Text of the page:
Week 9: Library 2.0

This week’s discussion is focused on Web 2.0 and how it affects libraries.  Of particular interest this week was the folksonomies created by tagging.  One cannot go anywhere on the internet without seeing tagged content.  I add tags to this blog that I think are relevant, but in many spaces users/readers are tagging the content that they find.  Although I am not a tagger, nor do I participate in any social media, one site I do love for its tagging is LibraryThing, a wonderful Library 2.0 tool.  Many times I run out of authors to read, and because I am a member of LibraryThing, I can sign in and click on a book in my library and find recommendations, both from the site itself and it algorithms as well as from other users.  LibraryThing like other recommender systems aggregates the data from its users in order to make recommendations.  If you have an Amazon account, you know what this is.  If you like, then you may like . . .  Library user data if used can be very helpful in the library when readers would like to find something similar to what they know they enjoy, making books selection an easier task.

Speaking of books, we also read about ebooks.  Last year for the first time ebook sales surpassed print sales.  Readers are falling in love with their Kindles, Nooks, iPads, etc.  Availability of titles from Amazon or Barnes and Noble has allowed ereading to skyrocket.  Libraries are doing their best to keep up with the ereader phenomenon, but unfortunately, costs and title availability from the publishers are preventing library patrons to have access to the titles they may most want.  The following link exhibits how most best sellers are not being offered by their publishers to libraries and if they are, the exorbitant cost of these titles.  In order for library users to be satisfied with the available etitles, publishers and libraries are going to have to find common ground. PDF of the Top Twenty Bestsellers and Their Availability

Interesting articles relating to ebooks:
AAP Reports US eBook Sales Up 46% in 2012, Now Well Over a Fifth of US Book Market
The Big 6 – eBooks in Libraries
21 Book Publishing Predictions for 2013: Indie Ebook Authors Take Charge
Libraries Can’t Buy Many of Amazon’s Ebook Hits: January 2013 Ebook Report from DCL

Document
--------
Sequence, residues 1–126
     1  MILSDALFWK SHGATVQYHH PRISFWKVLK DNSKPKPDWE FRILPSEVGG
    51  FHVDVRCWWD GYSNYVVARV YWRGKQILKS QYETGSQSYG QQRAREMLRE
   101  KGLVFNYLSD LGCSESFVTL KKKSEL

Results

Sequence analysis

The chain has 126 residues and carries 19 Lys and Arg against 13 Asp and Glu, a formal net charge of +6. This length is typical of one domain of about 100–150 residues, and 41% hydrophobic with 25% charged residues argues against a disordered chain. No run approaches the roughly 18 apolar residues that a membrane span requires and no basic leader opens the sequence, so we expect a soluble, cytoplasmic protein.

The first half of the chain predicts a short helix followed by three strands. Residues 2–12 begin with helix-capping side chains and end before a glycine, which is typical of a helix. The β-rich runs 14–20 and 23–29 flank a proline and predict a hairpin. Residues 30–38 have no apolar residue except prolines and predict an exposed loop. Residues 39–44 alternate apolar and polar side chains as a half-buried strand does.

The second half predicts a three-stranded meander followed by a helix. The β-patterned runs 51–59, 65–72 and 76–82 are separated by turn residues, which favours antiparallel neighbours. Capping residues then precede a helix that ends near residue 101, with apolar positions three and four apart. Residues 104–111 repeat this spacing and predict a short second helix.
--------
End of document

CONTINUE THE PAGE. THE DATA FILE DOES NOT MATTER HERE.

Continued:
ALA applauds Macmillan Publishers’ entry into library market

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2 Responses to Week 9: Library 2.0

  1. garth12 says:

    Taylor I really appreciated your comments about ebooks and its impact upon libraries. On the surface the ereader is a wonderful device to store and move one’s library. But once again the original intent of bringing data to the masses may result in a two-tiered information society. I know that Dr. Potnis tires of hearing me complain about the financial realities of the 2.0 and 3.0 but, this will only get more expensive as it becomes more lucrative.

  2. ccummins78 says:

    Hey Taylor,
    Really great job this week and I do agree with Garth on your comments about the impact of ebooks upon libraries. I also had no idea about the website Library Thing. How cool was that. I sit in the same boat with you on the tagging issue as I do not use social media much and never really knew what tagging was until this class. I think technology once again takes life and moves it to a whole new level. If you think of how far printed material has come over the last 100 years it is amazing. I do feel in one sense that it may have taken things a little far-if I would ask one of my students to go to our library and use (if we had one) a card catalog or had them write a report about a specific topic and did not allow them to use the internet-I honestly dont think they could do it. But who am I kidding, its been so long for me in that idea that I dont know if I could either. ha-great job this week.

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